Tag Archives: Children

Feds OK revised TN DUI law for juveniles

NASHVILLE, Tenn. (AP) — The National Highway Traffic Administration has confirmed that Tennessee is back in compliance with federal zero-tolerance standards for drunken drivers under the legal drinking age.

Republican Gov. Bill Haslam hastily called a special legislative session last week to repeal a new state law that threatened to cost the state 8 percent, or $60 million, in federal road money.

The repeal of the law means that the state no longer stands to lose the money starting on Oct. 1.

Sponsors of the original legislation said it aimed to give tougher penalties to all drivers over age 18. But the law also sought to set the maximum allowable blood alcohol content at 0.08 percent for those drivers. The federal standard for drivers under age 21 is 0.02 percent.

Legislators repeal DUI foul-up to save federal funding

By Eric Schelzig, Associated Press
NASHVILLE, Tenn. — Tennessee lawmakers on Wednesday repealed an underage drunken driving law that threatened to cost the state $60 million in road money by running afoul of federal zero-tolerance standards.

The Senate passed the measure 31-1, and the House later followed suit on an 85-2 vote despite several complaints among Republican lawmakers about the federal government interfering in state business.

“Our own federal government is blackmailing us,” said Republican Rep. David Alexander of Winchester. Continue reading

Sunday column: On the foul-up blame game

The special legislative session that convenes Monday to fix a $60 million mistake has inspired a political blame game that will likely continue with speeches to be made while giving rubber-stamp approval to the required fix.

There is, indeed, fault to be found in the situation. But the game participants seem to be ignoring a lot of it, maybe including the fundamental problem.

Democrats have taken the lead in finger pointing, starting when the U.S. Department of Transportation pointed out last month that a bill approved in April lowered the legal presumption for drunken driving from .08 blood alcohol content to .02 for people aged 18 to 21. Continue reading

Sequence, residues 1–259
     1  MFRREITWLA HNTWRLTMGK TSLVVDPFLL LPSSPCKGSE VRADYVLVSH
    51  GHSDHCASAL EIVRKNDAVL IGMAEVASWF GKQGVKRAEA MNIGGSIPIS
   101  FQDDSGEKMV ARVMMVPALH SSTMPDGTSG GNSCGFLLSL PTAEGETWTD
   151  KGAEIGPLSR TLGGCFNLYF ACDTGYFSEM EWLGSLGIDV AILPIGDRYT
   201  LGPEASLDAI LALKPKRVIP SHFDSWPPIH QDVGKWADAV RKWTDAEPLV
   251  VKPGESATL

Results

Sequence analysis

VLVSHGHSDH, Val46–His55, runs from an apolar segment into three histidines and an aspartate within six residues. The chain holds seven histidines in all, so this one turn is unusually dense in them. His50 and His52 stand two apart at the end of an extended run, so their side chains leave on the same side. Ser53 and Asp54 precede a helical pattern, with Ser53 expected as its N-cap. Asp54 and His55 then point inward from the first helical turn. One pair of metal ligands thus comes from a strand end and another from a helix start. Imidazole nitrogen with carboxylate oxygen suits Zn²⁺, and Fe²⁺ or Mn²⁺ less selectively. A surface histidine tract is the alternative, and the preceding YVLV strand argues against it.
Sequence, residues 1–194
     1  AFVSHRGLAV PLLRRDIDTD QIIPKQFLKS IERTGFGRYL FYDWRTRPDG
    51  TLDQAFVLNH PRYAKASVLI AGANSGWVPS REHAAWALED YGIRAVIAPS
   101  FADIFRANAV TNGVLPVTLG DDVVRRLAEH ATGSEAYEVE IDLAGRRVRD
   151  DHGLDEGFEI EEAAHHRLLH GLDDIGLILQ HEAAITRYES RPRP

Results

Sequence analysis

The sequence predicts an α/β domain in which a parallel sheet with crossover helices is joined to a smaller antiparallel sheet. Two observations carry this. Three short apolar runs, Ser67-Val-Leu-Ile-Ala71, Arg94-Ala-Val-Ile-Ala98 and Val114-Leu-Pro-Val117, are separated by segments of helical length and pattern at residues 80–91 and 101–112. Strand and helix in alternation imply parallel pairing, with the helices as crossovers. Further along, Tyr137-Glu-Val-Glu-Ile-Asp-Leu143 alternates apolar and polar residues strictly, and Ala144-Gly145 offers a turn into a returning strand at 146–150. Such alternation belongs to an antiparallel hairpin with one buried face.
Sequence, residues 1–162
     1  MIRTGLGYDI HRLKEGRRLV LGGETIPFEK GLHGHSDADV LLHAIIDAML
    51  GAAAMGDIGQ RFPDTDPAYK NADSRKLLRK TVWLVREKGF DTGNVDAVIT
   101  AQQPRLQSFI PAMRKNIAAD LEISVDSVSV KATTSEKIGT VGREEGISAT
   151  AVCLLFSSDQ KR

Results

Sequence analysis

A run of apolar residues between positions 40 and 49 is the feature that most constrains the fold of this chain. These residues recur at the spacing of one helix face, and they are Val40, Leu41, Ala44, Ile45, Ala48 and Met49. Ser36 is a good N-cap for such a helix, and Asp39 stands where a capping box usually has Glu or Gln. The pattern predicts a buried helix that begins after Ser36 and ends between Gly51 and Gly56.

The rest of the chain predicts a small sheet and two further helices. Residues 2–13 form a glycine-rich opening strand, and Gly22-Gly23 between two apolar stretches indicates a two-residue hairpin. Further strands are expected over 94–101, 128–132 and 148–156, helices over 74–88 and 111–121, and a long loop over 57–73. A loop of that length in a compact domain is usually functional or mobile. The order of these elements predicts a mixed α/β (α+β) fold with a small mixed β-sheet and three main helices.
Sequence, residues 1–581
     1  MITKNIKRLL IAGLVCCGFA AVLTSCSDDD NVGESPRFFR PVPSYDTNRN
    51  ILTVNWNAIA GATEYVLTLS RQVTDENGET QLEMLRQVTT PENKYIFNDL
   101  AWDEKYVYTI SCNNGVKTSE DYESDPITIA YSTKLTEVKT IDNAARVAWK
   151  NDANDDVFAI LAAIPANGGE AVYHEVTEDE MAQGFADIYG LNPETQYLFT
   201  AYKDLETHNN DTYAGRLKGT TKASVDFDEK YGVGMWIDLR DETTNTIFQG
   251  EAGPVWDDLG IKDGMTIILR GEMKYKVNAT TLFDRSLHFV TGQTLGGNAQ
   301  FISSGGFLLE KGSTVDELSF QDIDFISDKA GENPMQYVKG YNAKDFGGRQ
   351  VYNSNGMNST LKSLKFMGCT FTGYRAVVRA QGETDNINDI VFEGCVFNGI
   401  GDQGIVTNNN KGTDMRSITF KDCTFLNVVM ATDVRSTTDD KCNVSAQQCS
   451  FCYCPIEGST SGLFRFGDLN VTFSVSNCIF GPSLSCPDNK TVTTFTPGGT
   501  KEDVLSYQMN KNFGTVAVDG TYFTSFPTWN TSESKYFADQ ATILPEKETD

DUI special session deemed a ‘step backward’

By Eric Schelzig, Associated Press
NASHVILLE, Tenn. — Republican Gov. Bill Haslam’s administration is looking to turn back the clock on an underage drunken driving law that threatened to cost Tennessee $60 million in federal road money.

The law that went into effect in July raised the penalties for driving under the influence by 18- through 20-year-olds. But the change ran afoul of federal zero-tolerance standards for underage drivers by raising the maximum allowable blood alcohol content from 0.02 percent to 0.08 percent.

According to an advance version of legislation the Haslam administration plans to file during a special session that starts next week, the state would eliminate nearly all of the provisions of the new law, returning the 0.02 percent rule and the more lenient penalties for all drivers beneath the legal drinking age.

“From a public policy standpoint, this is obviously a step backward,” said Republican Rep. William Lamberth of Gallatin, the lead sponsor of the original legislation. “But it is a step that will put us in compliance with federal regulation and ensure that that $60 million comes to Tennessee.” Continue reading

Procedure set for special DUI fix session

The special session called by Gov. Bill Haslam to fix a $60 million foulup in the state’s drunken driving law will begin with state House and Senate floor sessions starting at 2 pm Monday and end at some point on Wednesday, according to officials.

Haslam, in his proclamation calling the session, limits action to revision a bill passed earlier in the year that changed the punishment for persons aged 18-21 for drunken driving and any related matters.

Federal officials have determined that the revision effectively raises the legal presumption of DUI for such persons from .02 blood alcohol content to .08 – meaning Tennessee is not in compliance with federal law mandating a .02 threshold and thus making subject to a $60 million reduction in federal highway funding starting Oct. 1.

Still, the fix bill – expected to be approved without opposition (though perhaps with a lot of speeches) must pass on three separate readings on different days to comply with the state constitution. Kara Owen, spokeswoman for House Speaker Beth Harwell, says plans call for the fix bill to be introduced and approved on first reading Monday and on second reading Tuesday in a session that will begin – at least in the House – at 10 am.
Committees will meet later in the day Tuesday to approve the measure. Presuming the procedure will follow the same path as the original bill causing the problem, that in the House will mean the Criminal Justice Subcommittee and then the full committee, followed by the Budget Subcommittee of the House Finance Committee and then the full Finance committee plus the Calendar Committee.

In the Senate, the original bill (SB1317) went only through the Judiciary Committee, but likely will go to Finance as well in the special session since money is obviously involved. (The original fiscal note estimated a loss of just $16,500 in state revenue – well below the Senate’s $100,000 ‘sweeper’ standard for Finance referral; contrasting with the House’s “zero sweeper,” requiring all spending bills go through Finance.)